The Fred Hoiberg Era isn’t exactly starting smoothly.
When the first-year Bulls coach meets with the media Monday afternoon to kick off training camp, rather than focus on his high-octane “Hoi-ball’’ offense and how it will translate into the NBA game, the questions will focus around an offseason that was less than calm.
There’s a lawsuit hanging over the head of the face of the franchise in Derrick Rose, an unclear return date for top reserve Taj Gibson (ankle surgery), and now the news on Friday that veteran starting small forward Mike Dunleavy had back surgery and could miss the next eight-to-10 weeks.
Meanwhile, the front office can still try and say all they want to downplay the dismissal of former coach Tom Thibodeau after last season, but like it or not, they will fall under even more scrutiny based on how Hoiberg can handle all of the obstacles that have already been set in his way with the start of the 2015-16 training camp.
From the day Hoiberg was hired, he has insisted that he was equipped for the rocky road that is life in the NBA. That’s about to be tested.
“I’m not coming into this never having experienced NBA basketball,’’ Hoiberg insisted on several occasions.
Ten years as an NBA player – including four years with the Bulls – and four years in the front office of the Minnesota Timberwolves is his resume, as well as resurrecting an Iowa State basketball program as a coach before the Bulls grabbed him up.
Then again, Chicago isn’t exactly Ames, Iowa – population just under 62,000.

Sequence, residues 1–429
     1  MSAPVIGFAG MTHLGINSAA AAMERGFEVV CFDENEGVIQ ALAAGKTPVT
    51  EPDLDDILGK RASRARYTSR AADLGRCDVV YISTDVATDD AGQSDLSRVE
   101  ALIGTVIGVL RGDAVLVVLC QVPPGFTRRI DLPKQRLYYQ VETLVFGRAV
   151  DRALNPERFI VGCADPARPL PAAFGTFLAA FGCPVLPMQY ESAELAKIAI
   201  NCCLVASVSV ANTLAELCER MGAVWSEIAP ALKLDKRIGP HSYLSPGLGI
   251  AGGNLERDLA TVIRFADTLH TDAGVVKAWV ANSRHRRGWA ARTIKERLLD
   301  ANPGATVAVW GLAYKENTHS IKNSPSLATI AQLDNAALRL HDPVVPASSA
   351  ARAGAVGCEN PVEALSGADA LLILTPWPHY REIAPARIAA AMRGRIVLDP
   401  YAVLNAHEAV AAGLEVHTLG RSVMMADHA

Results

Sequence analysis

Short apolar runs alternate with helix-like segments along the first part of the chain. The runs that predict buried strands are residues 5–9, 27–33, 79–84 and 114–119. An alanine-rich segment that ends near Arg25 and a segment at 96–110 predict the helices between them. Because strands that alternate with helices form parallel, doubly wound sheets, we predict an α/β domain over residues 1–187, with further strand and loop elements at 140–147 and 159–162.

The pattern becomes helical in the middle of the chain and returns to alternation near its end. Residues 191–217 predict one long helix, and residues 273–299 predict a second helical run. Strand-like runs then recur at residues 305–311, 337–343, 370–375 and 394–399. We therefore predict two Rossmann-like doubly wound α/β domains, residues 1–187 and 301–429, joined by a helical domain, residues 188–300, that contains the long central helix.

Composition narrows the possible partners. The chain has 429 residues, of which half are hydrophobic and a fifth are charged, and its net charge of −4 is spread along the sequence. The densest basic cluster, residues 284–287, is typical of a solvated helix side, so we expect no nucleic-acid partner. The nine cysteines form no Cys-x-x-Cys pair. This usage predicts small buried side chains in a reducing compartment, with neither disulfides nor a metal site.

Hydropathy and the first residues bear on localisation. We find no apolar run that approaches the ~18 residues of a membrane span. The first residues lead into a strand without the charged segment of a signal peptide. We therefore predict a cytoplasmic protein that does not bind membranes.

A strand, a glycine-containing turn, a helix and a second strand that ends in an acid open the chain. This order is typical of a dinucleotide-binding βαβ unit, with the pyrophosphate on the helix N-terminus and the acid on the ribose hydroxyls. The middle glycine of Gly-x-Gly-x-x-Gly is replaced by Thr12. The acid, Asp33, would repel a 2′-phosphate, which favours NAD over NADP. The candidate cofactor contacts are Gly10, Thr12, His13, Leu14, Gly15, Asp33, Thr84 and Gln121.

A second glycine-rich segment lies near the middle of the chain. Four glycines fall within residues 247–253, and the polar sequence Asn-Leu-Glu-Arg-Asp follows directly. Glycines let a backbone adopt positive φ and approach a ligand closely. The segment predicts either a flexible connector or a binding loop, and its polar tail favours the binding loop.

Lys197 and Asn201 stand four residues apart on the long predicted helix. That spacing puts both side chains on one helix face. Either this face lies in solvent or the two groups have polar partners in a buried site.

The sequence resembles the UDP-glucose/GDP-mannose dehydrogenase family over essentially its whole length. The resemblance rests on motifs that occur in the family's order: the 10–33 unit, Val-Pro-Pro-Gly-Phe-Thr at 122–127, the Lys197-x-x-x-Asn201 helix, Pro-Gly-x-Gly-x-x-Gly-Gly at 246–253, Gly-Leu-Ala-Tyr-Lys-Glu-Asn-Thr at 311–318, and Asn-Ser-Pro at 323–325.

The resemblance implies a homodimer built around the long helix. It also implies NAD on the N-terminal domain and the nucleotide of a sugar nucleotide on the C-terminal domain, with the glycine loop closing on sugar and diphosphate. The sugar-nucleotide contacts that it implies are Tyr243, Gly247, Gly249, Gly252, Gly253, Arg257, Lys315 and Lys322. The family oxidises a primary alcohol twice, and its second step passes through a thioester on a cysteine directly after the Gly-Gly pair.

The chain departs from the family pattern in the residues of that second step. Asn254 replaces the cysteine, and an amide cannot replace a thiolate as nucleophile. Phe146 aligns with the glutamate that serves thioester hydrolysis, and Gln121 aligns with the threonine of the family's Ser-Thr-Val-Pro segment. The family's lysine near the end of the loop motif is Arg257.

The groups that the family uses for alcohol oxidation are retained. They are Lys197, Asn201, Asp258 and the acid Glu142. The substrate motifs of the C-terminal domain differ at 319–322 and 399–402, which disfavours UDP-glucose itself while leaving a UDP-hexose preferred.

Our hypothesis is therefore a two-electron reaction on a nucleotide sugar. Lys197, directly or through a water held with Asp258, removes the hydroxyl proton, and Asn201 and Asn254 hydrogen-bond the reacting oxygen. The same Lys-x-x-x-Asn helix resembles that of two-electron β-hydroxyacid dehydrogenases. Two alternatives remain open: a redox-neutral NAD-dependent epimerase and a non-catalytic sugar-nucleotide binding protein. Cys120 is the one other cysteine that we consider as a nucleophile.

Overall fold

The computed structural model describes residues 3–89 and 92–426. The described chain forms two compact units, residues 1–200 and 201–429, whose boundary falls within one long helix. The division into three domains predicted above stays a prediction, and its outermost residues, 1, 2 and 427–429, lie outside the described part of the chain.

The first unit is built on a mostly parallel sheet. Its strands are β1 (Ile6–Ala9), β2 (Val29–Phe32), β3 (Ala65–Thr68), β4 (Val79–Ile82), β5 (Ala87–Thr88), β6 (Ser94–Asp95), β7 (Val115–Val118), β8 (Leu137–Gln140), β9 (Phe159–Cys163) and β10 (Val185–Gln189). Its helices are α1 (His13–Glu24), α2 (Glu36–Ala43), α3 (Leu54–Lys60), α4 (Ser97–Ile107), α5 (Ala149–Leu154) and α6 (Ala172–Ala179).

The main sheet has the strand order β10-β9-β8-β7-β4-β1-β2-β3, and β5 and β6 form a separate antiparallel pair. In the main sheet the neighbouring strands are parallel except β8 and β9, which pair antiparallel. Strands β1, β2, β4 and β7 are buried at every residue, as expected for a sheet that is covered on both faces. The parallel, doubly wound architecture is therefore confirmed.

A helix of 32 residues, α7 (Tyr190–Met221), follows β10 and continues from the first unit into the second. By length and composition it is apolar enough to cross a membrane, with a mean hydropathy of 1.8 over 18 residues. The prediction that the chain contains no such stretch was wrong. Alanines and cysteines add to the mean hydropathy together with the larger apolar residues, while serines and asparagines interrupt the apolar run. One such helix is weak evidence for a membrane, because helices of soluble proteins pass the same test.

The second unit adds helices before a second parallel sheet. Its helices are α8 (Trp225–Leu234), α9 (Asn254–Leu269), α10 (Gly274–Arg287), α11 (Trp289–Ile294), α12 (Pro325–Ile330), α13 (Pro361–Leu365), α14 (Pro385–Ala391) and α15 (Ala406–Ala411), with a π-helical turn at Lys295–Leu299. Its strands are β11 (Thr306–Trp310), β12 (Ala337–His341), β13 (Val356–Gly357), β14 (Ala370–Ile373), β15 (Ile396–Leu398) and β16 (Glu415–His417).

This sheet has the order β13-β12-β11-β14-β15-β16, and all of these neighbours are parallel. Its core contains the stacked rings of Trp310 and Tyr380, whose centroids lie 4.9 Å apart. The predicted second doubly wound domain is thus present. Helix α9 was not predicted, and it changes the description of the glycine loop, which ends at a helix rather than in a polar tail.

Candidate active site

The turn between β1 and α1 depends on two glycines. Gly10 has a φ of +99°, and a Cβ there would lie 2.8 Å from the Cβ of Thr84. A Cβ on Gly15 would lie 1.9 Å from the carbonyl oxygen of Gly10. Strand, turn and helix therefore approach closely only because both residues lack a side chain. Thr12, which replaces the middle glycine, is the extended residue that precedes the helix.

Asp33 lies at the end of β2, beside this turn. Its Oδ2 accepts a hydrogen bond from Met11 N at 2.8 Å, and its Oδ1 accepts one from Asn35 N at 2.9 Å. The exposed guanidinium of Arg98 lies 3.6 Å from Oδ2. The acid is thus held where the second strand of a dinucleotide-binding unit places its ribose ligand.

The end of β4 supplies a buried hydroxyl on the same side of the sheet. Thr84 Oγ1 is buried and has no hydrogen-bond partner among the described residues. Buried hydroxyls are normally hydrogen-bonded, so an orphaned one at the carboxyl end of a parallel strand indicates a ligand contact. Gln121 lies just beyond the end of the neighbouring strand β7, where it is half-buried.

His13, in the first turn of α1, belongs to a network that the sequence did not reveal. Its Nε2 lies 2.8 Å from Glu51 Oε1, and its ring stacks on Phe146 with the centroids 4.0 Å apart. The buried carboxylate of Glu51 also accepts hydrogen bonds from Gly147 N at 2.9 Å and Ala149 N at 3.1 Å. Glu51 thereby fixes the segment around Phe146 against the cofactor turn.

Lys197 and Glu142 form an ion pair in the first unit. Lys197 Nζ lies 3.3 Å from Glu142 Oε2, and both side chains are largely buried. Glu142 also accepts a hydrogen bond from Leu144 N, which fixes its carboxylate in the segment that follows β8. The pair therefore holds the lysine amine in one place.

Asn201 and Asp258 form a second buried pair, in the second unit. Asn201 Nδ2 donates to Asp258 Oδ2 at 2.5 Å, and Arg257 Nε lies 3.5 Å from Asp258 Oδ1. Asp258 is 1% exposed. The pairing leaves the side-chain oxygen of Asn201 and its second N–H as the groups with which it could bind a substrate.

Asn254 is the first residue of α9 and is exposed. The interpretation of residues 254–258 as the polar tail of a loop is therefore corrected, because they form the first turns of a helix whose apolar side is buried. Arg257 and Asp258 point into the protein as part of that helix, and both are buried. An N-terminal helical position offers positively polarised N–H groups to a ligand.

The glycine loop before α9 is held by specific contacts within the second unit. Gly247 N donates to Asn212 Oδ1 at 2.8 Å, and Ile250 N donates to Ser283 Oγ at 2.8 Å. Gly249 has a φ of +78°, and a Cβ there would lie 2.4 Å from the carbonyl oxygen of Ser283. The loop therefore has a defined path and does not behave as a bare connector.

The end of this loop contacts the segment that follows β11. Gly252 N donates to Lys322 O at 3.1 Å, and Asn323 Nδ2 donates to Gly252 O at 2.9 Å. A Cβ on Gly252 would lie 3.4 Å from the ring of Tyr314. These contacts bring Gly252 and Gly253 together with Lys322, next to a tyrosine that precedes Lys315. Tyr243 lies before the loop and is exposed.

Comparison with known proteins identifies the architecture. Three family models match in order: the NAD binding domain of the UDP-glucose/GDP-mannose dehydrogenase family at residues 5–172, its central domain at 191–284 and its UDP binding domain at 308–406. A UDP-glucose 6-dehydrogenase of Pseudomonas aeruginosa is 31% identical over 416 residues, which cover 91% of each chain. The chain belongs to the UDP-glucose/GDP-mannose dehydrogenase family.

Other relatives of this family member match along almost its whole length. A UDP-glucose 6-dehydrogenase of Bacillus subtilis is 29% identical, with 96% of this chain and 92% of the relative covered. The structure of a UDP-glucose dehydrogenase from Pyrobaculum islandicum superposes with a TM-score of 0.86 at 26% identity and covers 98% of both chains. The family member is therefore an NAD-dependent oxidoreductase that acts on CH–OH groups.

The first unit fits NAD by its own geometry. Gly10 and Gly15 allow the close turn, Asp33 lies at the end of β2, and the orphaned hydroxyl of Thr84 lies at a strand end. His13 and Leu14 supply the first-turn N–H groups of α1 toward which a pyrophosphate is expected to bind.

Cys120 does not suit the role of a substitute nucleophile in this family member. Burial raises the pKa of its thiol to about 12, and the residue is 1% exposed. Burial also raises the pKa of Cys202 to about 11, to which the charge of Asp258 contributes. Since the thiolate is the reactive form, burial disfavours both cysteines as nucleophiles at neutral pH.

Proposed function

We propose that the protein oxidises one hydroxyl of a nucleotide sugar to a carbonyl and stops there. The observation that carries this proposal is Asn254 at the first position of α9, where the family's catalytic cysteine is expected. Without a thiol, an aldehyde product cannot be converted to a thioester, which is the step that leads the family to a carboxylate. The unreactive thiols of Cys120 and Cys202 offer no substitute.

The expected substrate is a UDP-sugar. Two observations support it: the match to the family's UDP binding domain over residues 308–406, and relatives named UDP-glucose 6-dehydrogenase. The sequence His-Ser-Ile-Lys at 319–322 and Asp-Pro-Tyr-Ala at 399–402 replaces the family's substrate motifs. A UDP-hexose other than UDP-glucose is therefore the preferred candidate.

“He was part of the NBA, he studied the NBA, and then had great, great success at Iowa State,’’ Bulls general manager Gar Forman said of Hoiberg hire. “I’m a firm believer, obviously there’s some differences in the rules, X’s and O’s, but coaching is coaching. A big part of coaching is the human element. Getting guys to buy in, to play together, to play hard, to accept roles, and you put them in a right system. I know we have confidence that Fred’s going to be able to do that.’’
For the start of camp, short-handed. But not all is gloomy for the Bulls. Everyone surrounding Rose has indicated that the point guard was finally injury free and had a stellar summer getting his body ready for what needs to be a bounce-back year.
Then there’s the continued emergence of two-guard Jimmy Butler, who always seems to spend summers cleaning up the perceived holes in his game.
Add Pau Gasol again coming off solid play in international ball, as well as Joakim Noah using social media to point out how healthy he and his injured left knee feel, and well, like Thibodeau used to say, “We have more than enough.’’
But all eyes will be on Hoiberg to harness that and make it work within his much-hyped offense.
“[At Iowa State] we had the second fastest pace of play in all of college basketball last year,’’ Hoiberg said. “We like to get out and play with pace and play with spacing. I think we ran more pick-and-roll than anybody in college basketball last year. We really like to flow into an offense as opposed to coming down and getting set on every possession. It’s something that has always been my philosophy.
“I know what this league’s all about and that’s the guys. I’m here to do everything I can to support them, work with them and hopefully bring this group to where we’re competing for a world championship.’’